I already, said, that's the next square....
 2 years ago

lgbasallote Group TitleBest ResponseYou've already chosen the best response.0
next square?
 2 years ago

lgbasallote Group TitleBest ResponseYou've already chosen the best response.0
is this still related to my proof?
 2 years ago

estudier Group TitleBest ResponseYou've already chosen the best response.3
? n is k^2, what is the next square?
 2 years ago

mukushla Group TitleBest ResponseYou've already chosen the best response.2
no problem ... this is better\[k^2m^2=2\]\[(km)(k+m)=2\]so\[km=1\]\[k+m=2\]because this time im sure that \(k>m\) ...now add them\[2k=3\]Contradiction and we are done
 2 years ago

estudier Group TitleBest ResponseYou've already chosen the best response.3
No, this proof Given n=k^2 > (k+1)^2 = k^2 + 2k +1 >= n +3 > n+2 QED
 2 years ago

lgbasallote Group TitleBest ResponseYou've already chosen the best response.0
are you allowed to do that? @mukushla
 2 years ago

lgbasallote Group TitleBest ResponseYou've already chosen the best response.0
can you write it in a vertical fashion @estudier ? the signs are confusing me where the steps end
 2 years ago

mukushla Group TitleBest ResponseYou've already chosen the best response.2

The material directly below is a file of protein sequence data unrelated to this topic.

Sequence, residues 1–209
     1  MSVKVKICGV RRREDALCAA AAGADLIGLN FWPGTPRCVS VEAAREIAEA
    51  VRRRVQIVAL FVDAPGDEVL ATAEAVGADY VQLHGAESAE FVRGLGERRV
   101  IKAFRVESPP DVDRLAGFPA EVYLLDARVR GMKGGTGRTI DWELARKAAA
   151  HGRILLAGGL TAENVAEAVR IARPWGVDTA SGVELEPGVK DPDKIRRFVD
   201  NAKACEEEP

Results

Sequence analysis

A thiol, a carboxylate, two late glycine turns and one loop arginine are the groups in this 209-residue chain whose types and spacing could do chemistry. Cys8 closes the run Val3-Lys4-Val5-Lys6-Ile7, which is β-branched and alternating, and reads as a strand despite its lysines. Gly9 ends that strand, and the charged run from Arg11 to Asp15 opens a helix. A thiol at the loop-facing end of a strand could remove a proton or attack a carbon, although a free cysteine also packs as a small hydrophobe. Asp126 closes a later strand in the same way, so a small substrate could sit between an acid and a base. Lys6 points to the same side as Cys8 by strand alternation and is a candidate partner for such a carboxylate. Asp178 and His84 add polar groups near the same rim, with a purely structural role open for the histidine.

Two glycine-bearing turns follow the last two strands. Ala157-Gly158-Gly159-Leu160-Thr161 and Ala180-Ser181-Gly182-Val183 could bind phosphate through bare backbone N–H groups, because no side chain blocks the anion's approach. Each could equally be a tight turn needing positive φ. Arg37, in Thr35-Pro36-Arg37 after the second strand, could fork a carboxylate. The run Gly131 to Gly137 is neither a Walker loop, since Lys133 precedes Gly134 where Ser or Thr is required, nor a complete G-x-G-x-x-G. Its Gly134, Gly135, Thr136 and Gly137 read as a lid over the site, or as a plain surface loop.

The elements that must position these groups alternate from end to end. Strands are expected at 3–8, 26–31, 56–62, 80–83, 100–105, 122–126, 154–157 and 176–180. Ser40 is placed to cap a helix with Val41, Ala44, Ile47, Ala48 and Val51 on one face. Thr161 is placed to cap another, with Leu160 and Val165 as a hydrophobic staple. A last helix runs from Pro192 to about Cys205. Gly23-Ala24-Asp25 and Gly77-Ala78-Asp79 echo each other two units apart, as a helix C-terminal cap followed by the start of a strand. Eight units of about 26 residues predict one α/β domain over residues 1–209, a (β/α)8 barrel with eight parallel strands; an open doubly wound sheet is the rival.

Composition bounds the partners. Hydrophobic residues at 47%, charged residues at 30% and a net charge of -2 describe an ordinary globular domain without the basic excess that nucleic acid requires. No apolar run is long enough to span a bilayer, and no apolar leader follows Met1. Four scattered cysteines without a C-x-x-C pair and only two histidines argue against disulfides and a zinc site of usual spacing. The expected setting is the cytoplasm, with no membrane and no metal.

why not...for any real number \[a^2=a^2\]
 2 years ago

estudier Group TitleBest ResponseYou've already chosen the best response.3
Given n=k^2 > (k+1)^2 = k^2 + 2k +1 k^2 + 2k +1 >= n +3 n +3 > n+2 QED
 2 years ago

estudier Group TitleBest ResponseYou've already chosen the best response.3
That's 2 proofs I have given now...
 2 years ago

lgbasallote Group TitleBest ResponseYou've already chosen the best response.0
a few questions in mind @estudier 1) why find the next square? 2) how is k^2 + 2k + 1 > = n + 3 3) what does n + 3 > n+2 prove?
 2 years ago

estudier Group TitleBest ResponseYou've already chosen the best response.3
Think about it....:)
 2 years ago

lgbasallote Group TitleBest ResponseYou've already chosen the best response.0
in the meanwhile... @mukushla why k  m = 1?
 2 years ago

mukushla Group TitleBest ResponseYou've already chosen the best response.2
because\[km<k+m\]
 2 years ago

lgbasallote Group TitleBest ResponseYou've already chosen the best response.0